With research assistance from Annie Raccuglia, Nick Raffel and Derek Sutfin, Rakowitz excavates the not-so-noble and quirky stories behind selected monuments that illustrate the notion of spoils and transformation. For instance, a statue of Columbus was removed from a Chicago Park in the late 19th century to be melted and recast as President William McKinley, who contributed to dissolving the sovereign status of several indigenous tribes (the statue still stands today). Rakowitz presents other examples across different periods and locations.
Crowning the show is when the archival work meets the conceptual proposition. “I started to think about monuments as monsters,” the artist said in Art Journal Open. The creature-like sculpture American Golem interrogates the complex aesthetics of monuments and its presence stands in the way of reverting to more palatable narratives. To create it, Rakowitz gathered materials sprawling from a mantelpiece and graffitied each constitutive piece to mark its origin. Confronted with such provenance—an assemblage of stolen, looted, unethically appropriated materials benefiting from the labor of enslaved people and indigenous resources—we are left with a changing gaze.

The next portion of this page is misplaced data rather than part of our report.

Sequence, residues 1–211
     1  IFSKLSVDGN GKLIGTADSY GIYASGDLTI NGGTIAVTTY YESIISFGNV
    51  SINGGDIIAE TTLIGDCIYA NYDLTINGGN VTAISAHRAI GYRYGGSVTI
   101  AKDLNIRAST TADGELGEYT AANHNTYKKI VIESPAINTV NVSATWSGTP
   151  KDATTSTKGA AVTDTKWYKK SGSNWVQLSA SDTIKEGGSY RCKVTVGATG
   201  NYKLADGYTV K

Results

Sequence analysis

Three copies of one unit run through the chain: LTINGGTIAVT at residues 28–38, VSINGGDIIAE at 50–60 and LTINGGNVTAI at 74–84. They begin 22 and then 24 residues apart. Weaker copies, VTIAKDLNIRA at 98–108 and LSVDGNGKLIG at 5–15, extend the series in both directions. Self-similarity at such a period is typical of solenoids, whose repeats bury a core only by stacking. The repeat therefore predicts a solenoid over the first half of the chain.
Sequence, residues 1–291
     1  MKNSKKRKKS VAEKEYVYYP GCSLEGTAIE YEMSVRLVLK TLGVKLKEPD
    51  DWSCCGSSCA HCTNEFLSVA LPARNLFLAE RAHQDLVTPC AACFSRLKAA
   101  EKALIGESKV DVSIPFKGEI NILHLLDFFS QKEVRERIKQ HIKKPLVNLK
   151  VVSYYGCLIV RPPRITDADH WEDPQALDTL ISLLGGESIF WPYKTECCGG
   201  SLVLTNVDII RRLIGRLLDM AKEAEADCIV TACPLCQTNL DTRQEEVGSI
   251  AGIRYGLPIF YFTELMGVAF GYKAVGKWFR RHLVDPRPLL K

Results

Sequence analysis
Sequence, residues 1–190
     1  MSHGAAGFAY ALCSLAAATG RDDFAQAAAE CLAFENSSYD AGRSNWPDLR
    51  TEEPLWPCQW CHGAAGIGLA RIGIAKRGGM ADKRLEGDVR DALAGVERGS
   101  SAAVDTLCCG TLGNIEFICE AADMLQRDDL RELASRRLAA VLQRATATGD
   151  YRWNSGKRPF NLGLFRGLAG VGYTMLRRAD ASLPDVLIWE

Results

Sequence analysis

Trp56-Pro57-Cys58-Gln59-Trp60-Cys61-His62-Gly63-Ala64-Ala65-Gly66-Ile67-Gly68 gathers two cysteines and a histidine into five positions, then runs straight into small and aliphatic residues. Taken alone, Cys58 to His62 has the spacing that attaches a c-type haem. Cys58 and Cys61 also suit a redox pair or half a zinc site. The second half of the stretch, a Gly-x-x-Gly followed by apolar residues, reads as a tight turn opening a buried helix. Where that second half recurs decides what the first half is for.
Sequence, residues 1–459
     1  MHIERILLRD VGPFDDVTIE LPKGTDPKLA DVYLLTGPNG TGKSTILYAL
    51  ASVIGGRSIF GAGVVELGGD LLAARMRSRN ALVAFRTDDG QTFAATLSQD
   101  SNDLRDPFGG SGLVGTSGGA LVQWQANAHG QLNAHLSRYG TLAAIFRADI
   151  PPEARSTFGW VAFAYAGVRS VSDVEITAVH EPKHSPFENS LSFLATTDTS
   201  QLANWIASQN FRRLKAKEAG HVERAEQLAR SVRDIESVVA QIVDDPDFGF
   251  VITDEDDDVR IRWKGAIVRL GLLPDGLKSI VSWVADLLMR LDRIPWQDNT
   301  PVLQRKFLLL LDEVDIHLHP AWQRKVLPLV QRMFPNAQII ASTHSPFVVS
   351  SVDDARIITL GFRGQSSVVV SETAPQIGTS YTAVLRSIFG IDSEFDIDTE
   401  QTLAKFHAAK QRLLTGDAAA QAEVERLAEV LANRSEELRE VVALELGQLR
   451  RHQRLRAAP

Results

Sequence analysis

Jesse Mockrin, The Venus Effect
James Cohan, through October 21st
Mockrin playfully challenges our visual fantasy of Venus, the goddess of love. Through Venus, masters have represented the feminine ideal—voluptuous, seductress, irresistible. She’s a concept, a projection and a body. Mockrin pastiches famous paintings from the Western canon and includes her own 21st-century twists. For instance, Works and deceits (2023) exudes a scene similar to Édouard Manet’s Olympia (1863). A naked woman sits on a bed while an attendant in the background carries items for her. In Olympia, a Black servant brings her a bouquet. In Works and deceits, a white servant brings her a robe, as she rushes to leave her bed and the gaze of those who feasted on her displayed nakedness. Both stare at us, breaking the fourth wall and the distance that separates them as subjects from us as lurking spectators.